The second recess 220 may be a groove or slot formed in the aircraft 200 (e.g., in the skin forming the fuselage 202) suitable sized and/or shaped to at least partially receive the second landing skid 102 when in a non-deployed or fully retracted, rotated position (e.g., during flight), as best illustrated in FIG. 4.

In one example embodiment, as best illustrated in FIGS. 1-6 and 10, the first recess 218 may be a groove or slot formed in the bottom side 216 of the aircraft 200 (e.g., the fuselage 202). For example, the first recess 218 may completely receive the first landing skid 102 when rotated to a non-deployed position, such that the first landing skid 102 is positioned within a bottom surface 222 of the aircraft 200 (e.g., the fuselage 202) to reduce drag.

In one example embodiment, and as best illustrated in FIGS. 1-6, the second recess 220 may be a groove or slot formed in the top side 214 of the aircraft 200 (e.g., the fuselage 202). For example, the second recess 220 may completely receive the second landing skid 104 when rotated to a non-deployed position, such that the second landing skid 104 is positioned within a top surface 224 of the aircraft 200 (e.g., the fuselage 202) to reduce drag.

In another example embodiment, and as best illustrated in FIG. 10, the second recess 220 may be a groove or slot formed in the bottom side 216 of the aircraft 200 (e.g., the fuselage 202). For example, the second recess 220 may completely receive the second landing skid 104 when rotated to a non-deployed position, such that the second landing skid 104 is positioned within a bottom surface 222 of the aircraft 200 (e.g., the fuselage 202) to reduce drag.

Those skilled in the art will recognize that for a low-speed aircraft 200, the first recess 218 and/or the second recess 220 may not be necessary. For example, the first landing skid 102 and/or the second landing skid 104 may be stored flat against the fuselage 202 (e.g., the bottom surface 222 or top surface 224) or very close to it. Further, a high-speed aircraft 200 may include the first recess 218 and/or the second recess 220 and may also include small doors and/or covers (not shown) deployable over the recesses 218, 220.

The first landing skid 102 may rotate (e.g., about first axis of rotation R1 in the direction of arrow 106) (FIG. 3) from the non-deployed position, as illustrated in FIG. 4, to various deployed positions, as illustrated in FIGS. 8A-8F and 9A-9C. For example, rotation of the first landing skid 102 may move the second end 112 of the first landing skid 102 between the first end 210 and the second end 212 of the aircraft 200.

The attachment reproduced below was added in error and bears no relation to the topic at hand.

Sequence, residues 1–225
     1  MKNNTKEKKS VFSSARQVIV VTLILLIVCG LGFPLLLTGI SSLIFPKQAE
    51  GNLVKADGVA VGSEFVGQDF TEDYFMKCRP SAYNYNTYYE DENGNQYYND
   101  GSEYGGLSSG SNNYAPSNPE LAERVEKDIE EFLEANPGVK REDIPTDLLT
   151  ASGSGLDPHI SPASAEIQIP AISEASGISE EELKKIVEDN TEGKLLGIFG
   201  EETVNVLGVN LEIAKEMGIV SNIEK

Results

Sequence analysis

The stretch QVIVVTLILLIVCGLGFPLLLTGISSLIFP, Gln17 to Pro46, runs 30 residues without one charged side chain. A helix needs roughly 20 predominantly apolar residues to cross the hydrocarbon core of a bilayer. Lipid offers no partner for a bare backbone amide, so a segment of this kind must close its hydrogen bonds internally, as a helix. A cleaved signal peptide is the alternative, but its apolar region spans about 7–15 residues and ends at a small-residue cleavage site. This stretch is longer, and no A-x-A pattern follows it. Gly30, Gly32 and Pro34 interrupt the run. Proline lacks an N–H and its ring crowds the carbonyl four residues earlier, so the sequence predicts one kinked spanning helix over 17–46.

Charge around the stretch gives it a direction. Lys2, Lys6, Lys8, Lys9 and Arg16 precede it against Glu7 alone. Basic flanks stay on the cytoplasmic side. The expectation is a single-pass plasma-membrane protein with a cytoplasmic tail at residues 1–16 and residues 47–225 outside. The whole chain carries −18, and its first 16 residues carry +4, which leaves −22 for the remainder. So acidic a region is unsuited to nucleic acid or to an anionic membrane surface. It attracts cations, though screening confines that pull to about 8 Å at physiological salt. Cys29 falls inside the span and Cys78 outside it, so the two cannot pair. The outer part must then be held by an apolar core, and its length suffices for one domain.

The second landing skid 104 may rotate (e.g., about second axis of rotation R2 in the direction of arrow 108) (FIG. 3) from the non-deployed position, as illustrated in FIG. 4, to a various deployed positions, as illustrated in FIGS. 8A-8F and 9A-9C. For example, rotation of the second landing skid 104 may move the second end 116 of the second landing skid 104 between the first end 210 and the second end 212 of the aircraft 200.

Referring to FIGS. 1, 2 and 10, in one example embodiment, the first landing skid 102 and/or the second landing 104 may include a generally U-shaped bar 120. For example, the first landing skid 102 may include a pair of parallel longitudinal support members 122 extending from the first end 110 to the second end 112 of the first landing skid 102 and a lateral support member 124 extending between the longitudinal support members 122 at the second end 112 of the first landing skid 102.

Similarly, the second landing skid 104 may include a pair of parallel longitudinal support members 122 extending from the first end 114 to the second end 116 of the second landing skid 104 and a lateral support member 124 extending between the longitudinal support members 122 at the second end 116 of the second landing skid 104.

Accordingly, the first recess 218 formed in the bottom surface 222 of the aircraft 200 (e.g., the fuselage 202) may include a generally U shape suitable to receive the U-shaped bar 120 of the first landing skid 102. The second recess 220 formed in the top surface 224 or the bottom surface 222 of the aircraft 200 (e.g., the fuselage 202) may include a generally U shape suitable to receive the U-shaped bar 120 of the second landing skid 104.

Referring to FIG. 5, in another example embodiment, the first landing skid 102 and/or the second landing 104 may include a generally H-shaped bar 126. For example, the first landing skid 102 may include a pair of parallel longitudinal support members 122 extending from the first end 110 to the second end 112 of the first landing skid 102 and a lateral support member 124 extending between the longitudinal support members 122 between the first end 110 and the second end 112 of the first landing skid 102 (e.g., proximate a middle location of the longitudinal support members 122).